But more importantly ... as Gopnik's article and research point out, getting the brain to think creatively, about new possibilities, employs and requires a different process than focusing on efficiency and goal-achievement. Creative thinking is not something you can streamline or use time-management studies to improve, as any writer or artist well knows. Ideas have their own unique ways and schedule for coming into the world. And sometimes, ironically enough, they arrive most efficiently when we stop focusing on efficiency. I've come up with more breakthrough writing answers sitting in my back garden watching the hummingbirds (see my previous post on that subject here), when I wasn't even consciously looking for an answer, than at any other place or time. Lord knows I wish it were otherwise. Life would be so much easier to manage and plan. 

But Gopnik's point also has implications for businesses. If an increase in efficiency-oriented thinking comes at the cost of a broader mental radar that's more tuned to unexpected or new possibilities, that could account for why more companies don't do better at innovation. Innovation requires imagining a process, product, or service that doesn't yet exist. It's a creative function. And minds long pressured and trained to focus on efficiency and numbers-based goals aren't even close to being in the right frame of mind, so to speak, to tackle the challenge. This is a major argument made by advocates of "design thinking" ... consultants like Darrel Rhea of Cheskin Added Value and Tony Golsby-Smith of 2nd Road, and educators like Roger Martin, dean of the University of Toronto's Rotman School of Management and Jeanne Liedtka of UVa's Darden School of Business. All of them would say that if you want more innovation and creative problem-solving in your ranks, you have to relax the laser focus on efficiency and short-term, numbers-based goal achievement.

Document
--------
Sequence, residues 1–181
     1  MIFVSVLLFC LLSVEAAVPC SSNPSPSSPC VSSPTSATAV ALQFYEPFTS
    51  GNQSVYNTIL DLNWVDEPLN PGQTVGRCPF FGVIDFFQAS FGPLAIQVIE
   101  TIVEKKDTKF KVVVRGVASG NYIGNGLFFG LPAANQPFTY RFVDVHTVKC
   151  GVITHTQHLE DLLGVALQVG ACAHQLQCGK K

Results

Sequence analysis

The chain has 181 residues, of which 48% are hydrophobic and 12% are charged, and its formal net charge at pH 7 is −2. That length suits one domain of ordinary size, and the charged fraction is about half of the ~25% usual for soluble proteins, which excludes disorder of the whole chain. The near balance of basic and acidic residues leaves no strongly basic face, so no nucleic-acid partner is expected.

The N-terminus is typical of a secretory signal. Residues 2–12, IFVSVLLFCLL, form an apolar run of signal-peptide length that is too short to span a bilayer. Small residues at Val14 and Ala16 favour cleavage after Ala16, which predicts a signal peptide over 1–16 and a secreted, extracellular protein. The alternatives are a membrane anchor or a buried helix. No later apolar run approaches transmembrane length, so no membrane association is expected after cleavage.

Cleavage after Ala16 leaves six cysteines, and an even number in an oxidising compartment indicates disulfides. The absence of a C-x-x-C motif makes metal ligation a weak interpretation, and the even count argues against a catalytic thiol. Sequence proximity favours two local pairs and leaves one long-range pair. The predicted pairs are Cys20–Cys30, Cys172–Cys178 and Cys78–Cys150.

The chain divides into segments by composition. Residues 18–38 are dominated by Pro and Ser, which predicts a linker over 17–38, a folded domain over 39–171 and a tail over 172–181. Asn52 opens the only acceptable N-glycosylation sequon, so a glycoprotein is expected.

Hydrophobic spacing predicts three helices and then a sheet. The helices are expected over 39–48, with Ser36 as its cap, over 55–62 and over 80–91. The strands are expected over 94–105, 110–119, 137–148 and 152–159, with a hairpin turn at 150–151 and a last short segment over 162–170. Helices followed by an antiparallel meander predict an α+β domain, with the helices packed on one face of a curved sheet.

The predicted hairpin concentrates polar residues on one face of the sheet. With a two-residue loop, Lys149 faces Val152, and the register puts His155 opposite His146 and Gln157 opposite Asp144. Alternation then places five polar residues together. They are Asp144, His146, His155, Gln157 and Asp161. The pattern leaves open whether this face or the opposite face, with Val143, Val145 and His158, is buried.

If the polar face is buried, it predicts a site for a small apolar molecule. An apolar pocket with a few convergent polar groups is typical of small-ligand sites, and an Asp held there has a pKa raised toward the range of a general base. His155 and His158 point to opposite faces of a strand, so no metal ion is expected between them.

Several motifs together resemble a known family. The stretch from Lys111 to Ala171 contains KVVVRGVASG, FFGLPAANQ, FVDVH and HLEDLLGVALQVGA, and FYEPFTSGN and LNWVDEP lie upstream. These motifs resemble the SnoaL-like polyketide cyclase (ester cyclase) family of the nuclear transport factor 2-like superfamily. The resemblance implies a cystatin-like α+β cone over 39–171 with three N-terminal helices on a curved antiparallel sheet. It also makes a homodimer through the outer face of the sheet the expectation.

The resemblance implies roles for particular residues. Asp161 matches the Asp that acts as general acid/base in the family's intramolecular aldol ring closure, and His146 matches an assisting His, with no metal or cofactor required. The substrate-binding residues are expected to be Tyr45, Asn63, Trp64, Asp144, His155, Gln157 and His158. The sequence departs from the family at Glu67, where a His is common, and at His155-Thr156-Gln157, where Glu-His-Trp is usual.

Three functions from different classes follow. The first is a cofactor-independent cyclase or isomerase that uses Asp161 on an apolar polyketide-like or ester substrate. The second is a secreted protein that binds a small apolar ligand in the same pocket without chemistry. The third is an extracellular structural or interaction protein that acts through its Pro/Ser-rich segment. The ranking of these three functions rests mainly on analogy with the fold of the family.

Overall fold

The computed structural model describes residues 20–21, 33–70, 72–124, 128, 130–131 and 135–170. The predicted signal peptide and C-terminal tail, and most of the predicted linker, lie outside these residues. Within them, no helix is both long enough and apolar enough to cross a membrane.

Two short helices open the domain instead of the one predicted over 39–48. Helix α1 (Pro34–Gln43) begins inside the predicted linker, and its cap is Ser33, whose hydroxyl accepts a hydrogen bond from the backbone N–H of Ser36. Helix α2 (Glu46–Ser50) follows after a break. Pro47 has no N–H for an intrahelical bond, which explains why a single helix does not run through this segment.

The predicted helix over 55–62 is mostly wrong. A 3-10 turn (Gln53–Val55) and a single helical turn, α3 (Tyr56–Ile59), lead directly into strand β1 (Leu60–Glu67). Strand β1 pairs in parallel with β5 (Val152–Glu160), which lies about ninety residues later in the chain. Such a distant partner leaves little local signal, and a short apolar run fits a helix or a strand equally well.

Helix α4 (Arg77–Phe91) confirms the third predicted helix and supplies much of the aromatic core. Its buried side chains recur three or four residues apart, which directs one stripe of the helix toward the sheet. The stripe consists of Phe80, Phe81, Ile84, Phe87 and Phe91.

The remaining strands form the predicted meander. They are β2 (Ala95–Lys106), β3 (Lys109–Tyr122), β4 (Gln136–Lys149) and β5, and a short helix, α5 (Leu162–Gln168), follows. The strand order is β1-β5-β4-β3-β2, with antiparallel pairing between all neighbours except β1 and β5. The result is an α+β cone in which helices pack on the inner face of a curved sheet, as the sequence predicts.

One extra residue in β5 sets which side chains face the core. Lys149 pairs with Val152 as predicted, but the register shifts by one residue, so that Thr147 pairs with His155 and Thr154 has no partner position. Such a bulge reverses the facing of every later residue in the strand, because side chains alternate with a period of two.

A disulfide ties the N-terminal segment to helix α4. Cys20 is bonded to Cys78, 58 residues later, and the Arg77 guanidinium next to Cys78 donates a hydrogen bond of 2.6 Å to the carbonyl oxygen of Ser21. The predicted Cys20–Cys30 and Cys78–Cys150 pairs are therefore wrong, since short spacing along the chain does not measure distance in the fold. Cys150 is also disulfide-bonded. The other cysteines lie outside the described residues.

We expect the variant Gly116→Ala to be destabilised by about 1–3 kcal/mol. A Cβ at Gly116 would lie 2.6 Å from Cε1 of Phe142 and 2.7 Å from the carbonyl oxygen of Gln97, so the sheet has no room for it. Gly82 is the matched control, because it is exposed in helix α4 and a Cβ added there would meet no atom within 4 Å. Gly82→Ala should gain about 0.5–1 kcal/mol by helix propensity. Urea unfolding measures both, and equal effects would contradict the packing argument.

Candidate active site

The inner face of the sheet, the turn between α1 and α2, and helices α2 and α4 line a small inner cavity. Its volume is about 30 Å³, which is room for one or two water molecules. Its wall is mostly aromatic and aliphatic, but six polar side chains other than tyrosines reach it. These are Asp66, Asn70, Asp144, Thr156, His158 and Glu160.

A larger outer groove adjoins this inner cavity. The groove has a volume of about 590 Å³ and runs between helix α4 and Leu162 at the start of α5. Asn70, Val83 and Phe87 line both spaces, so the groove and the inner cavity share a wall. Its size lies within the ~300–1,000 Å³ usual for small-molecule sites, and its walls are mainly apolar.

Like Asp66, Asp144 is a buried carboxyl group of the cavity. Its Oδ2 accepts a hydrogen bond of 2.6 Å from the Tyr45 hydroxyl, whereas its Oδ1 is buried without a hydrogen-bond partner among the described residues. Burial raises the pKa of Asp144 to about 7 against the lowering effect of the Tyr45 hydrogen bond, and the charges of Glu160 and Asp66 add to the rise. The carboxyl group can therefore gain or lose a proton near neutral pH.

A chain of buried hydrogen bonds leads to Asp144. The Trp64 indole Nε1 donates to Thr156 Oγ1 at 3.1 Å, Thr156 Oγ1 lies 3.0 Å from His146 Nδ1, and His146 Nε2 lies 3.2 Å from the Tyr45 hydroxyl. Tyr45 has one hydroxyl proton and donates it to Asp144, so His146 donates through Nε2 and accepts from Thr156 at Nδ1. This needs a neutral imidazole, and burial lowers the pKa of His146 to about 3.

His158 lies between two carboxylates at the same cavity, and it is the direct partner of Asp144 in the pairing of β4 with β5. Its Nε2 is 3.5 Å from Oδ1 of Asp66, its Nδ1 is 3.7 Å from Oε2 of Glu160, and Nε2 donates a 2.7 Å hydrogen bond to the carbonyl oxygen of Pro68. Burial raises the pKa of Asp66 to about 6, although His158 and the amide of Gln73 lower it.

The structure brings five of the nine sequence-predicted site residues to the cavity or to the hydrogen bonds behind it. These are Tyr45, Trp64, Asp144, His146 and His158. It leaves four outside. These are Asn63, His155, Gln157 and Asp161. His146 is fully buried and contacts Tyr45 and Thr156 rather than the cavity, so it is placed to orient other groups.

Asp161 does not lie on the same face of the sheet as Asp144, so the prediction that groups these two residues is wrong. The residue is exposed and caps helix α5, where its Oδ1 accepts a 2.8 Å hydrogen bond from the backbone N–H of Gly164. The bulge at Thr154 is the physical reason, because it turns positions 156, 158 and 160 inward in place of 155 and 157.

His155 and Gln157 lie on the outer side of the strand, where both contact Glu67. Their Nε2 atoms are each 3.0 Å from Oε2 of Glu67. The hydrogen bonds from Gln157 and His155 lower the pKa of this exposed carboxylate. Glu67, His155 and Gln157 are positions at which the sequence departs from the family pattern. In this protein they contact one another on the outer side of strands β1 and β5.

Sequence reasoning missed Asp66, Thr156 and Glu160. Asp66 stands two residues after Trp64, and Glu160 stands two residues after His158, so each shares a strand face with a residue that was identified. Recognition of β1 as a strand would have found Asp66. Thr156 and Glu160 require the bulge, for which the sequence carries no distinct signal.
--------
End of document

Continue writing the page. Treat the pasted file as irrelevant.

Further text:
And Dr. Gopnik, it seems, would agree. 

2997539372_1d12716149_m.jpgBut there's another intriguing dimension of these research results, as well. I often get asked why it is that young people have such passion for dreams and possibilities ... and why many adults seem to lose that passion and belief as they grow into middle age. Part of the answer is undoubtedly fear of failure, an increase in responsibilities and financial commitments, and a higher risk of loss--both of money and status--with any departure from the inertia of known routines. But part of it also may be that a continual focus on efficiency and goal achievement actually makes it harder for an adult brain to shift back to the habits of its youth, when it got excited by the things that would teach it the most. And when it focused not on efficiency, but on exploration, curiosity, and all the possibilities that an uncharted landscape, or path in life, might hold. 

(Photo: Flickr User Paul Foster and so.salem)
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Lane Wallace is a pilot and adventure writer. She is the author of Surviving Uncertainty: Taking a Hero's Journey.